Culture flows through Belmont poetry night


Evan Wang

Among the events of the night was a traditional Indian dance performance.

Poets and Belmont community members cherished art and literature at Belmont’s Multicultural Holiday Poetry Celebration.

The event was held at Twin Pines Manor and featured readings from poets in the community and an Indian dance performance. Hosted by Belmont’s Poet Laureate Monica Korde, the event was attended by prominent members of the community, such as Belmont Mayor Charles Stone and Councilmember Davina Hurt.

Readers at the Multicultural Holiday Poetry Celebration picked self-written and well-known holiday-themed poems to read to the audience. Although Belmont hosts numerousĀ poetry events, this one was unique because it celebrated multiculturalism through poems from different cultures and languages.

“It’s important that we understand other cultures in order to understand ourselves and find ways to live and work together. The arts represented tonight show and celebrate that we’re more alike than we’re different,” said Mara Grimes, one of the attendees at the event.

Despite the ongoing status of the pandemic, many attendees showed up, filling up the entire room. According to Korde, the turnout was both unexpected and well-received.

“I think it was brilliant, considering that we are all being careful and cautious. It was wonderful to see all the people come in,” Korde said.

The attendees to the event represented Belmont’s reverence for the arts. Organized by theĀ Belmont Parks and Recreation department, the event serves as a way to make art a more engaging part of the community.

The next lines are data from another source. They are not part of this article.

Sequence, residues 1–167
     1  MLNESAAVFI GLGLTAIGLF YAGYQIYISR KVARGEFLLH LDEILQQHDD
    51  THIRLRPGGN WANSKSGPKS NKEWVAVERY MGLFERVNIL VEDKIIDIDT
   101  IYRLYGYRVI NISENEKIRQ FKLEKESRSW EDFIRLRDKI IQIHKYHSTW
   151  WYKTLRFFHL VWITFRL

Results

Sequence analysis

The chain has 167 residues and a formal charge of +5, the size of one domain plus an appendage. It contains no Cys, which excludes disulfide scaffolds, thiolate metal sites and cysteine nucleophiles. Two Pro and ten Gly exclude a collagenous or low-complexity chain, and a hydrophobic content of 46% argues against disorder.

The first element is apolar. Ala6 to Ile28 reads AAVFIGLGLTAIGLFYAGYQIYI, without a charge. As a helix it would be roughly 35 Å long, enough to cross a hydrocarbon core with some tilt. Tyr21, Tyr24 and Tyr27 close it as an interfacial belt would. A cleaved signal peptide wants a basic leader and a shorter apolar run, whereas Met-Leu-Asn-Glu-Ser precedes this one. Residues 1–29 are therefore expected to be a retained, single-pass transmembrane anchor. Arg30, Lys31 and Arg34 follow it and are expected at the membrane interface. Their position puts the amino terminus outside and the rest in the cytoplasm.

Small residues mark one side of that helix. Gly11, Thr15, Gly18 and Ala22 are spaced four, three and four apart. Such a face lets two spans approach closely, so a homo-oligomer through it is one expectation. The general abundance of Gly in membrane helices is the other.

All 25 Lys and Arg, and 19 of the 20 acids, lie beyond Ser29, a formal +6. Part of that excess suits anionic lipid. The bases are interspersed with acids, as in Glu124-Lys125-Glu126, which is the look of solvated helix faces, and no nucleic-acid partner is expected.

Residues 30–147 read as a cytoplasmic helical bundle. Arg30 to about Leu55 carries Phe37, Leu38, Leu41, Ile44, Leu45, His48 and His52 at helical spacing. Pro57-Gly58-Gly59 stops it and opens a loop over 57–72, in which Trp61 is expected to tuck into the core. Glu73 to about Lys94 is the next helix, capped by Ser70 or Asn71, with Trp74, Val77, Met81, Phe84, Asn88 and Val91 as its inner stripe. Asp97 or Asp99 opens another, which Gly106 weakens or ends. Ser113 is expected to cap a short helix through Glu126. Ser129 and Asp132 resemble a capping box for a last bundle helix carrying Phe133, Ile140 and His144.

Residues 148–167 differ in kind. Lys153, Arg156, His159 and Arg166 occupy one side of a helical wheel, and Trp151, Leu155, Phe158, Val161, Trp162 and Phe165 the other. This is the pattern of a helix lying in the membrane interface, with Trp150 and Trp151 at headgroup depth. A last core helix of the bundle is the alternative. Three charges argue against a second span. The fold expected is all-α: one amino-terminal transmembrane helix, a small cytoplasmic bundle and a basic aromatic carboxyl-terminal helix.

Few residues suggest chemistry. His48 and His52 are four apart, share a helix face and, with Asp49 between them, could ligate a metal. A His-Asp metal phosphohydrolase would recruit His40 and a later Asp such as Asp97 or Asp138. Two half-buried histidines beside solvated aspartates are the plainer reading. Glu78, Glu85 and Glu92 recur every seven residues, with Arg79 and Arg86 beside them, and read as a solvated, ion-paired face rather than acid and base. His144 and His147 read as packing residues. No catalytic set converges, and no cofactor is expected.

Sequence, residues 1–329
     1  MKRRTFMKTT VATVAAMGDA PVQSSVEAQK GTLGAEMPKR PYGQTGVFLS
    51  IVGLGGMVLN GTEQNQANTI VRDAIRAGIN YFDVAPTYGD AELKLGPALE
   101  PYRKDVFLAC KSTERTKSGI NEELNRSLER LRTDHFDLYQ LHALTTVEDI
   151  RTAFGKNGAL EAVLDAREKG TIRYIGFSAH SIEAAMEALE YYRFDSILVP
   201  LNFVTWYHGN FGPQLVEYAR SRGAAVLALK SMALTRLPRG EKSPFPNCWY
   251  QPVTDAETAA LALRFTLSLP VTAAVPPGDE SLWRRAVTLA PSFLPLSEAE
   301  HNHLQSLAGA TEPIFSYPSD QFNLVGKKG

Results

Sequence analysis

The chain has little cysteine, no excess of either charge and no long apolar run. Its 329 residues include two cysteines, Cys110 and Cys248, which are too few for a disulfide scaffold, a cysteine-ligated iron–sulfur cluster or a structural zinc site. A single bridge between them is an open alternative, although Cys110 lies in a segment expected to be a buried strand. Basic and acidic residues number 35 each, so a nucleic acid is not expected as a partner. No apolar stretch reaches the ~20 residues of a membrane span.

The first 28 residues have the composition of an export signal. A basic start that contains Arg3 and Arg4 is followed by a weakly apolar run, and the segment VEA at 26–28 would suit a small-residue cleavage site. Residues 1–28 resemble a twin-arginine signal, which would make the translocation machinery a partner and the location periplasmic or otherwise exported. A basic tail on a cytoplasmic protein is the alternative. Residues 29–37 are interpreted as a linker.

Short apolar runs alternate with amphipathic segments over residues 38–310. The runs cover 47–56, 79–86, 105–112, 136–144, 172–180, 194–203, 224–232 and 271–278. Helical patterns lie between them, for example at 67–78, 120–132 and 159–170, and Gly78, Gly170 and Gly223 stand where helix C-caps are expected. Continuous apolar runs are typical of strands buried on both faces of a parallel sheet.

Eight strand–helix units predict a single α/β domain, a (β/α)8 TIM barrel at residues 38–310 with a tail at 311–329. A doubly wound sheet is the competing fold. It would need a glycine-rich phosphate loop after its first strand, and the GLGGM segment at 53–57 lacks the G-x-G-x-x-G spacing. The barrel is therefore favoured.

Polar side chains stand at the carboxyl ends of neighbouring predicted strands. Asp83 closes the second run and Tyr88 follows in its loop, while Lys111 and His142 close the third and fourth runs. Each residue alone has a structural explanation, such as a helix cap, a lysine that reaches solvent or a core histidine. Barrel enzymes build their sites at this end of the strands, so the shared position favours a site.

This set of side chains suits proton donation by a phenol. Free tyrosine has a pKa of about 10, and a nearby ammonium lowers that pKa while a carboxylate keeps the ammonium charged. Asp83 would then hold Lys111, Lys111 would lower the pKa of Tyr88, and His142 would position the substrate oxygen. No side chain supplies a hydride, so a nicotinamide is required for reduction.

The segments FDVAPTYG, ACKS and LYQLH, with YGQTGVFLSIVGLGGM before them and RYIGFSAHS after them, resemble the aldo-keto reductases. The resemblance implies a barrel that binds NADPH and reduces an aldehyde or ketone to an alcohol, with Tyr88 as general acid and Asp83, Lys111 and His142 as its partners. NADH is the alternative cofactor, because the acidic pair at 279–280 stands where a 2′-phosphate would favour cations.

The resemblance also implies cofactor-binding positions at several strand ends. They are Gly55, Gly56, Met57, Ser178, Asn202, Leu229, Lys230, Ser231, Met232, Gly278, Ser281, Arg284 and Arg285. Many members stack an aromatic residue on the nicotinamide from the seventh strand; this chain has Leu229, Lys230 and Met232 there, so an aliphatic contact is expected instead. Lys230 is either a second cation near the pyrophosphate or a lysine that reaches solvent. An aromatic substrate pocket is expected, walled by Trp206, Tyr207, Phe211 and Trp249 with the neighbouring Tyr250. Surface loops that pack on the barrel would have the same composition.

“I think arts not only give a voice, but they celebrate humanity. They educate, they bring joy, feeling, and self-expression,” Grimes said.

Megan Duffy Brown reads a poem to the audience. “I am delighted to see the Belmont community support a vibrant poetry world through the poet laureate position,” Brown said. (Evan Wang)

For Megan Duffy Brown, a featured poet at the event, what inspires her to pursue poetry is where people go when experiencing loss.

“There’s something in that moment or experience of loss that makes you look at something differently,” Brown said.

To Korde, poetry, in particular, stands out because of its ability to connect people. This ability is one of the main reasons Korde chose to become a poet.

“The most primary thing that every human being wants is a connection,” Korde said. “Poetry brings that connection and builds bridges.”

As poet laureate of Belmont, Korde’s job is to foster these connections by encouraging a love for poetry and literary arts by organizing community events such as poetry readings.

“I am delighted to see the Belmont community support a vibrant poetry world through the poet laureate position,” Brown said.